Statistical analysis

Statistical analysis of the temperature and light effects on juvenile S. sculpera was performed by a two-way ANOVA, and if there were significant differences, post-validation was conducted using the Tukey’s test method. The statistical analyses were performed using STATISTICA version 6.0 (Statsoft, Tulsa, OK, USA).


Growth of Saccharina sculpera juveniles at different temperatures and light intensities

Juvenile S. sculpera were cultured at different temperatures (5, 10, 15, 16, 18, and 20°) and light intensities (20 and 40 μmol photons m−2 s−1) in order to determine their optimum growth conditions. After 21 days of incubation, the maximum blade length (8.77 ± 0.36 mm, mean ± SE) was achieved at 20 μmol photons m−2 s−1 and 10°. The largest blade length at 40 μmol photons m−2 s−1 was observed at 5°. There was no significant difference in the blade length of the juvenile S. sculpera in the 5–15° range at the two light intensity conditions (Fig. 4), but the average blade length decreased at temperatures above 16°C (Fig. 5). No growth occurred at 18–20°C under 20 and 40 μmol photons m−2 s−1 (Fig. 5). This confirmed that the blade length were significantly affected by both temperature and irradiance (Table 1).
The RGR of juvenile S. sculpera after 21 days of culture at different temperatures and light intensities are shown in Fig. 4. At 20 μmol photons m−2 s−1, the growth ranged from −3.21 to 1.80% d−1 with the largest growth achieved at 10° (1.80 ± 0.11% d−1). The RGR decreased at 16° (0.14 ± 0.31% d−1) and 18° (3.21 ± 0.82% d−1), and no growth occurred at 20°; the seaweeds eventually died at the end of culture period. At 40 μmol photons m−2 s−1, the highest RGR was obtained at 5° (1.53 ± 0.13% d−1), the RGR decreased with rise in water temperature, with biomass loss above 16°C.

Saccharina sculpera cultivation environment measurements

The surface water temperatures measured during the monthly survey of S. sculpera were lowest at 10.6° in February, then gradually increased until they peaked at 21.6° in August and gradually dropped thereafter. No apparent thermocline was observed from December to March, with a variation in water temperature of between 0–0.4° from the surface to 25 m depth. A thermocline was observed at 15 m depth in June and 25 m depth in July and August (Table 2).
The light intensity measured during the field survey in February and July decreased sharply as the water depth increased; the light intensity measured in February was lower than that measured in July. With increasing depth the difference in light intensity reduced between the two months. The light intensity at 25 m was close to 20 μmol photons m−2 s−1 in both months (Fig. 6).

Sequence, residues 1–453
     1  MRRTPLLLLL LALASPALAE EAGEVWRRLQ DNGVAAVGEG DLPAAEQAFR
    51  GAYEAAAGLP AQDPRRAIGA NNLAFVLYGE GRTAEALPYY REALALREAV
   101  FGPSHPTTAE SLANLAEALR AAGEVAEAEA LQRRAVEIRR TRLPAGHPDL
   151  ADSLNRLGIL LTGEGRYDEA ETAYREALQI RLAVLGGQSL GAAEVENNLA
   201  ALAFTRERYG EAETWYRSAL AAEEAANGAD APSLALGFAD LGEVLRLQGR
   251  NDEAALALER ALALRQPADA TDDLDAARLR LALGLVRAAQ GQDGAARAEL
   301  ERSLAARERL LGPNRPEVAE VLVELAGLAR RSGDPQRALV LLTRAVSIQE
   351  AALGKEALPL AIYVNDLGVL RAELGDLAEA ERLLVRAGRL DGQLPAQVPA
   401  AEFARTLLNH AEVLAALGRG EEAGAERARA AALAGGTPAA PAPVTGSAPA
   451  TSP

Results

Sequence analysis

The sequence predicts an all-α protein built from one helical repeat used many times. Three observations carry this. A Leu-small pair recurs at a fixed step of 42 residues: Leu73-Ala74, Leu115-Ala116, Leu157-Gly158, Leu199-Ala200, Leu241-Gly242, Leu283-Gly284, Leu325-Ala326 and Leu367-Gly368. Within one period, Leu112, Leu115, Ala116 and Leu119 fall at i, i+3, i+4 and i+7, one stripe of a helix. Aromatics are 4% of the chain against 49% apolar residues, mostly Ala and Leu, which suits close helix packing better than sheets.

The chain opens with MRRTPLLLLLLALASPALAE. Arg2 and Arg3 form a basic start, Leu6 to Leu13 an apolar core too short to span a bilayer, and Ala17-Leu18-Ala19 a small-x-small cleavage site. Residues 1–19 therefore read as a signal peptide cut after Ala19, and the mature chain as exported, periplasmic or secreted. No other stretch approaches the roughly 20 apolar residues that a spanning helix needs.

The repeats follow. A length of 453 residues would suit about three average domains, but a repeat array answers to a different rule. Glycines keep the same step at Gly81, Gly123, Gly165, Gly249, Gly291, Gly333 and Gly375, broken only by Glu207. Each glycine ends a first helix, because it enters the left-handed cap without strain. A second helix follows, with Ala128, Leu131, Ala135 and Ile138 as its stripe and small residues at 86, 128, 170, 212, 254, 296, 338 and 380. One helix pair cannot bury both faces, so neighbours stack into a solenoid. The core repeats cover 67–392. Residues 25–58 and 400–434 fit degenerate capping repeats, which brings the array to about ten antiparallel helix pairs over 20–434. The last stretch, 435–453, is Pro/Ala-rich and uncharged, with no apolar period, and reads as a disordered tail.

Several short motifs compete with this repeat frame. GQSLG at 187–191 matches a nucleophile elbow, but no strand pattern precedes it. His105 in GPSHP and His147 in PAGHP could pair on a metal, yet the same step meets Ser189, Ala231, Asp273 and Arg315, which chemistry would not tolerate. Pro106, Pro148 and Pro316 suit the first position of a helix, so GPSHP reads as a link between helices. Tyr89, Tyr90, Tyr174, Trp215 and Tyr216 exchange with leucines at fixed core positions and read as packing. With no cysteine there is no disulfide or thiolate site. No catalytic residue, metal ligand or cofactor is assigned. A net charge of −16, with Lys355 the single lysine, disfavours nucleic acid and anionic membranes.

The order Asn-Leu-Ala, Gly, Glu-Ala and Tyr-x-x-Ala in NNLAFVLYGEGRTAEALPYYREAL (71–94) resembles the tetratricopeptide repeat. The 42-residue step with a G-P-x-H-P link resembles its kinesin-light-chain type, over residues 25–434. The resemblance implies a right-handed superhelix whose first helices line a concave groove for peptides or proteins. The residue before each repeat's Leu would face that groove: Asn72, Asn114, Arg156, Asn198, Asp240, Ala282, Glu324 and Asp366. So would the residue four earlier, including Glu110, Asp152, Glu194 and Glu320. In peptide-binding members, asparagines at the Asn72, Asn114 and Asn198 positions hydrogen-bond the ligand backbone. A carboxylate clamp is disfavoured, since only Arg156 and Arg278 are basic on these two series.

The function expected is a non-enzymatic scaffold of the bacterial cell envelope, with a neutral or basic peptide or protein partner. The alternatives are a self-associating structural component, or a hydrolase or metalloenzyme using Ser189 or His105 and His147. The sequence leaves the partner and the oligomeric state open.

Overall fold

Growth and maturity of the cultured population

To determine the optimum rearing depth, S. sculpera was cultivated at a range of depths (5, 10, 15, 20, 25 m). Kelp sporophytes cultured at 5 m depth had a mean blade length of 1.1 ± 0.2 cm in January, a month after the start of rearing; they continued to grow until June when the blade length peaked at 86.3 ± 12.4 cm. The sporophytes subsequently showed a decrease in blade length (63.2 ± 14.6 cm) in July, until they disappear by the end of August (Fig. 7). As for kelp seedlings cultured at 10 and 15 m, young sporophytes were first observed in February with lengths of 4.3 ± 0.56 and 2.3 ± 0.47 cm, respectively. In June, the blade lengths peaked at 68.7 ± 15.21 and 59.1 ± 13.9 cm, respectively, and decreased thereafter until none remained in September. On one hand, the experimental groups that were lowered from 5 to 15 m, 10 to 15 m, and 15 to 25 m in June grew further in July as their blade lengths peaked at 90.8 ± 13.1, 75.8 ± 12.8, and 63.9 ± 13.7 cm, respectively. Experimental cultures that had been lowered to 15 m depth were subsequently reared at deeper depth of 25 m in August, and yet their blade lengths decreased (Fig. 7). A comparison of blade length with rearing depth in June showed that the blade lengths were 86.3 ± 12.40 cm at 5 m, 68.7 ± 15.2 cm at 10 m, and 59.1 ± 13.9 cm at 15 m, demonstrating that growth rates decreased as the culture depth increased.
S. sculpera grown at fixed depths throughout the 10-month culture period showed biomass loss beginning in July at 5-m depth, and in September at 10- and 15-m depths. The blade lengths of the experimental groups in which the rearing depth was adjusted (from 5 → 15 → 25 m; 10 → 15 → 25 m; and 15 → 25 m) were 64.2 ± 15.2, 56.1 ± 13.7, and 40.8 ± 11.4 cm, respectively in October. Mature sporophytes (indicated by presence of sori in the blades) were likewise observed in October for these experimental groups (Table 3).